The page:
A team of MIT scientists is searching for echoes from black holes in an effort to shed some light on regions of space-time that largely remain a mystery to us. See, black holes only show any semblance of activity when they feed on gas and dust from one of their orbiting stars. When they do, they emit bursts of X-ray light that echo off the consuming gas and illuminate their surroundings. That’s what a black hole echo is. While technically an X-ray echo, the team worked with education and music scholars at MIT to convert the emission into audible sound waves that you can hear below.
For their new study, astronomers developed an automated search tool called the “Reverberation Machine” to analyze data collected by NASA’s Neutron Star Interior Composition Explorer, the X-ray telescope aboard the ISS. Their algorithm identified 26 black hole X-ray binary systems, which are systems with a star that is sometimes being consumed by a black hole. Ten of them are close enough for echoes to be observable, and eight were previously not known to emit echoes.
So what did the team discover by analyzing the echoes? They found that black holes initially go through a “hard” state when feeding, in which they form a corona of high-energy photons and launch a jet of high-energy particles near the speed of light. This state lasts several weeks. After a final high-energy flash as the corona and jet die down, the black hole enters a “soft” low-energy state.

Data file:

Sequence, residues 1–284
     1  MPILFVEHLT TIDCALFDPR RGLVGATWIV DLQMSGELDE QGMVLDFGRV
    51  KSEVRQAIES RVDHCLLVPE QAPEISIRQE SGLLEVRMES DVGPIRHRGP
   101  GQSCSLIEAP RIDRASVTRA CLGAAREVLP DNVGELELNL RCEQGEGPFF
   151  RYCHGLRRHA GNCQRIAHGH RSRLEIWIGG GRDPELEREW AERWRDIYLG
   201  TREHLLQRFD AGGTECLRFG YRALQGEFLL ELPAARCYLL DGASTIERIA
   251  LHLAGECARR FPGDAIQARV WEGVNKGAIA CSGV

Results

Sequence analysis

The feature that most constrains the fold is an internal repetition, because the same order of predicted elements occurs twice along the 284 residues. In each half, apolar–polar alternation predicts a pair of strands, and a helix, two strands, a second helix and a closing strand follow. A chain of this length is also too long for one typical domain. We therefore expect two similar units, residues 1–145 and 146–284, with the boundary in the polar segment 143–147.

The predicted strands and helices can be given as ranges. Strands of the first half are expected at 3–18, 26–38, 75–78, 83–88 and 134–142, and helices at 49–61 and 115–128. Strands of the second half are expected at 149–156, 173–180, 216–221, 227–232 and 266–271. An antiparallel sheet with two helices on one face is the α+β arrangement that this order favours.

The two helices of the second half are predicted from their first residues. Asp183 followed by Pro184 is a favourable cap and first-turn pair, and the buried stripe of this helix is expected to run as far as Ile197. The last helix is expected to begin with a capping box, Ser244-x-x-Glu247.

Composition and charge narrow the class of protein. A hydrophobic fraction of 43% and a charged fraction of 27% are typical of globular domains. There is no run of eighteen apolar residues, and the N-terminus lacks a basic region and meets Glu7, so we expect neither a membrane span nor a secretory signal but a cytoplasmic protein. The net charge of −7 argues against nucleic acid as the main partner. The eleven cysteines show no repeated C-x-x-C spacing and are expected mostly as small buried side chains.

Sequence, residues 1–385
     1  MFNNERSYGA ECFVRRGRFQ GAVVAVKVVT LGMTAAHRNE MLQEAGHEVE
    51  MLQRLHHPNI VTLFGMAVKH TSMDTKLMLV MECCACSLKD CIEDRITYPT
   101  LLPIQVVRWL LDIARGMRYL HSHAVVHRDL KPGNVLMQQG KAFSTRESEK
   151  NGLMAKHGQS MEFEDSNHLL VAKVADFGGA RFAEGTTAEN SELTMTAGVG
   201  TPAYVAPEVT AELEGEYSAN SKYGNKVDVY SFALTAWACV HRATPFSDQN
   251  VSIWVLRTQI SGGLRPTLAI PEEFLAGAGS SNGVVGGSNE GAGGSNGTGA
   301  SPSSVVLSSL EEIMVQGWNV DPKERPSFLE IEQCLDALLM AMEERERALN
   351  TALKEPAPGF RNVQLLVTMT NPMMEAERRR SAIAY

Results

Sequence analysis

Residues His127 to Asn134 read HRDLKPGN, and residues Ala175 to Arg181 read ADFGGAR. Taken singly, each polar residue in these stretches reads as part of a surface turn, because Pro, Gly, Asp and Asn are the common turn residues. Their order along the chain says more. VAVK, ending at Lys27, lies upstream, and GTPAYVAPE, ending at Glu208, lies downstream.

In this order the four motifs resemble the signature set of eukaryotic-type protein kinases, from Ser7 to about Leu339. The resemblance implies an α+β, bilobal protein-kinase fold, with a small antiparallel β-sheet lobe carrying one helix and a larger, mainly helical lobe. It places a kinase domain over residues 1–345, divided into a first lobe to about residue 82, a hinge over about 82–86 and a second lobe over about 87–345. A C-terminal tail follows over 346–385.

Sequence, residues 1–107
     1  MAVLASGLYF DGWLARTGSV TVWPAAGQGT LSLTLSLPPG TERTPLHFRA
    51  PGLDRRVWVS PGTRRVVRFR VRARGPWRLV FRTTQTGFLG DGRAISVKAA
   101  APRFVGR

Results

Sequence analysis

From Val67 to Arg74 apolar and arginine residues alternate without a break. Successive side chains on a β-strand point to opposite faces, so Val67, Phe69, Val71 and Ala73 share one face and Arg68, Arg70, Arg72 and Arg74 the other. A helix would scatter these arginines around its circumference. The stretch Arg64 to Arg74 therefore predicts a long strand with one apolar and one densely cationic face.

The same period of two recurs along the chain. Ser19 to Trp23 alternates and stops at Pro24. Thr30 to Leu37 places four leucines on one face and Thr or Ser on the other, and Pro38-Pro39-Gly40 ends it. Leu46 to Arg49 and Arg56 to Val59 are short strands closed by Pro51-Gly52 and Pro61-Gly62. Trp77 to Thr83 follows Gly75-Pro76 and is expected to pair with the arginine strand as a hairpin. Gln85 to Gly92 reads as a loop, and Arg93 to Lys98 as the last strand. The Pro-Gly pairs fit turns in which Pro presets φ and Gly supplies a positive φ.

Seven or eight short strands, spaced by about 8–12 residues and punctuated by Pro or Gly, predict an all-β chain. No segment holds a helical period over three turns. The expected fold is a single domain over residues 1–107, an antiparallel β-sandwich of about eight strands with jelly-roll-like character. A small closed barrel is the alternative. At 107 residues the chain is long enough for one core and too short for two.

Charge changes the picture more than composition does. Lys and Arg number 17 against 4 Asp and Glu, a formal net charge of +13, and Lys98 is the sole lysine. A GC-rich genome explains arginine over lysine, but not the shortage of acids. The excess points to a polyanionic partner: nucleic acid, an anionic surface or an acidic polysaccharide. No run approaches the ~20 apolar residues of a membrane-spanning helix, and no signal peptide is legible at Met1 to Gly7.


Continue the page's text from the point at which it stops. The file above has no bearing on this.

Scientists believe these findings may help explain how supermassive black holes at the centers of galaxies can help shape their formation. As Erin Kara, an assistant professor of physics at MIT, put it:
“The role of black holes in the evolution of galaxies is an open question in modern astrophysics. Interestingly, these black hole binaries appear to be ‘mini’ supermassive black holes, so understanding the outbursts in these small nearby systems , we can understand how similar outbursts in supermassive black holes affect the galaxies in which they reside.”
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